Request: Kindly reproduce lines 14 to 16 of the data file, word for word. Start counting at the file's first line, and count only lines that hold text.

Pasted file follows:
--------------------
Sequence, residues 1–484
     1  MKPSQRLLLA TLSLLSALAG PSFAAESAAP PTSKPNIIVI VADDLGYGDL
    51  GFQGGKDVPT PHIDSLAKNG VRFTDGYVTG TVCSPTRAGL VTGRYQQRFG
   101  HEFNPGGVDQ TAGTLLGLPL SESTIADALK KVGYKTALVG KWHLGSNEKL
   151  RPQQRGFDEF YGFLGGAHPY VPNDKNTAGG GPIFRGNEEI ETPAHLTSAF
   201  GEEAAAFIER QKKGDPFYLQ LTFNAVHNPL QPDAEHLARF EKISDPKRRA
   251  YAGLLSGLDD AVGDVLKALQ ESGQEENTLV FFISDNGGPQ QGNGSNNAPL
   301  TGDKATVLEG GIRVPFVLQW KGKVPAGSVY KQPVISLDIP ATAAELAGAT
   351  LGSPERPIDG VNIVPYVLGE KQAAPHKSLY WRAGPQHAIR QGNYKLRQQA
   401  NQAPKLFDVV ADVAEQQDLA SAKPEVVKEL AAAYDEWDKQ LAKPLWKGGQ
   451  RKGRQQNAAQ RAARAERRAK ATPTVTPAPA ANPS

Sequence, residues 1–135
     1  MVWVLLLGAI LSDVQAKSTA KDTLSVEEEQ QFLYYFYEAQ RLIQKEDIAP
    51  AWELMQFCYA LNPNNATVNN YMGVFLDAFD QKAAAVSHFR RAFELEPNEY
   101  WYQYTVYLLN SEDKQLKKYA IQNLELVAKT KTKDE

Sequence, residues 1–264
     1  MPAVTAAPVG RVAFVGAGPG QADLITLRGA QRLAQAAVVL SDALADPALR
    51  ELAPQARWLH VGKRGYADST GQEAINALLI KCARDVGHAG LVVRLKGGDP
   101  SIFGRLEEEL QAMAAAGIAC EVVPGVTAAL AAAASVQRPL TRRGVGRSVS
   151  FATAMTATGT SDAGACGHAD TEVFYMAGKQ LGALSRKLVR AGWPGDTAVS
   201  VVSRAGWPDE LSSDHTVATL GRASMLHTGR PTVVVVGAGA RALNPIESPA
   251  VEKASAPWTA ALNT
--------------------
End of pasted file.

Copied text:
    51  AWELMQFCYA LNPNNATVNN YMGVFLDAFD QKAAAVSHFR RAFELEPNEY
   101  WYQYTVYLLN SEDKQLKKYA IQNLELVAKT KTKDE

Sequence, residues 1–264